Red hot frogs: Identifying the Australian frogs most at risk of extinction

Hayley M. Geyle, Conrad J. Hoskin, Deborah S. Bower, Renee Catullo, Simon Clulow, Michael Driessen, Katrina Daniels, Stephen T. Garnett, Deon Gilbert, Geoffrey W. Heard, Jean Marc Hero, Harry B. Hines, Emily P. Hoffmann, Greg Hollis, David A. Hunter, Frank Lemckert, Michael Mahony, Gerry Marantelli, Keith R. McDonald, Nicola J. MitchellDavid Newell, J. Dale Roberts, Ben C. Scheele, Michael Scroggie, Eric Vanderduys, Skye Wassens, Matt West, John C.Z. Woinarski, Graeme R. Gillespie

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Abstract

More than a third of the world's amphibian species are listed as Threatened or Extinct, with a recent assessment identifying 45 Australian frogs (18.4% of the currently recognised species) as 'Threatened' based on IUCN criteria. We applied structured expert elicitation to 26 frogs assessed as Critically Endangered and Endangered to estimate their probability of extinction by 2040. We also investigated whether participant experience (measured as a self-assigned categorical score, i.e. 'expert' or 'non-expert') influenced the estimates. Collation and analysis of participant opinion indicated that eight species are at high risk (>50% chance) of becoming extinct by 2040, with the disease chytridiomycosis identified as the primary threat. A further five species are at moderate-high risk (30-50% chance), primarily due to climate change. Fourteen of the 26 frog species are endemic to Queensland, with many species restricted to small geographic ranges that are susceptible to stochastic events (e.g. a severe heatwave or a large bushfire). Experts were more likely to rate extinction probability higher for poorly known species (those with <10 experts), while non-experts were more likely to rate extinction probability higher for better-known species. However, scores converged following discussion, indicating that there was greater consensus in the estimates of extinction probability. Increased resourcing and management intervention are urgently needed to avert future extinctions of Australia's frogs. Key priorities include developing and supporting captive management and establishing or extending in-situ population refuges to alleviate the impacts of disease and climate change.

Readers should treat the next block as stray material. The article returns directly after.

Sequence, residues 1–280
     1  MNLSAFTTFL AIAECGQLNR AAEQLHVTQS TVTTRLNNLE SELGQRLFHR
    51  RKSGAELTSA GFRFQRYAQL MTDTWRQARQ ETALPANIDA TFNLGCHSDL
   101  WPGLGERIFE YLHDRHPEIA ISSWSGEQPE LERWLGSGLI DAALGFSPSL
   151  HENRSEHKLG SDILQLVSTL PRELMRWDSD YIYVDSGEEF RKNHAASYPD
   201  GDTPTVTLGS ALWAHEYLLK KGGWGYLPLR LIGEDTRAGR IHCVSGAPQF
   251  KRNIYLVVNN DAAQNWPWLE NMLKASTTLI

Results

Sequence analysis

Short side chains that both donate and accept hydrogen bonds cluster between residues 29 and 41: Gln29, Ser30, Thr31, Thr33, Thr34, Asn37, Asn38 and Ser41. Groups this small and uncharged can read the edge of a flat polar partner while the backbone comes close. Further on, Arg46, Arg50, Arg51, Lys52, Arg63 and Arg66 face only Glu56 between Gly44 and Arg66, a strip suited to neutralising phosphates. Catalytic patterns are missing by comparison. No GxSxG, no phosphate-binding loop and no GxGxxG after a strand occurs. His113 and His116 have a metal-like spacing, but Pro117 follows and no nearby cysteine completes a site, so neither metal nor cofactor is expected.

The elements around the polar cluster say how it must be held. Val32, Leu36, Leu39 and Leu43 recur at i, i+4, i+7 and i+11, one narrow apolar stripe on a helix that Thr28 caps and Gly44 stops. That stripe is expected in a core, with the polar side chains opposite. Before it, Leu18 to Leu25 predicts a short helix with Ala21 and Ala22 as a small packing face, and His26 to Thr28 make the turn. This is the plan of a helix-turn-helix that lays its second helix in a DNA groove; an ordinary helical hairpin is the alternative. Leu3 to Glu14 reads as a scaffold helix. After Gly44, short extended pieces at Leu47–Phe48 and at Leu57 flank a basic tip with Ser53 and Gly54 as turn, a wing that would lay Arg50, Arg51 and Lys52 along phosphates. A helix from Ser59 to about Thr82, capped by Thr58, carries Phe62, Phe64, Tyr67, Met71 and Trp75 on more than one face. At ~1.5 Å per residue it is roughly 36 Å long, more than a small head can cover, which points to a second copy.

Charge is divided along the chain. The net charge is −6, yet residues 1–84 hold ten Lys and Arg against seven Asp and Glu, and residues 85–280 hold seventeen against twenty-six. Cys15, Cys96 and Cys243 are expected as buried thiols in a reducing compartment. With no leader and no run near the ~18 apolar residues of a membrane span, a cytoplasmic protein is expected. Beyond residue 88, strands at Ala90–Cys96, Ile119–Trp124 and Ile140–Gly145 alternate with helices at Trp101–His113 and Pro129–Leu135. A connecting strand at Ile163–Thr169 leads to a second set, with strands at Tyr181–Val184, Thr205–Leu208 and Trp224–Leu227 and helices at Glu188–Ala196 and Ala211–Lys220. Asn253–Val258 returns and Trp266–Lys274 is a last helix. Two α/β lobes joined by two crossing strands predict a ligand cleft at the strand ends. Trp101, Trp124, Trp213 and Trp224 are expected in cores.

Original languageEnglish
Pages (from-to)211-223
Number of pages13
JournalPacific Conservation Biology
Volume28
Issue number3
Early online dateAug 2021
DOIs
Publication statusPublished - 2022

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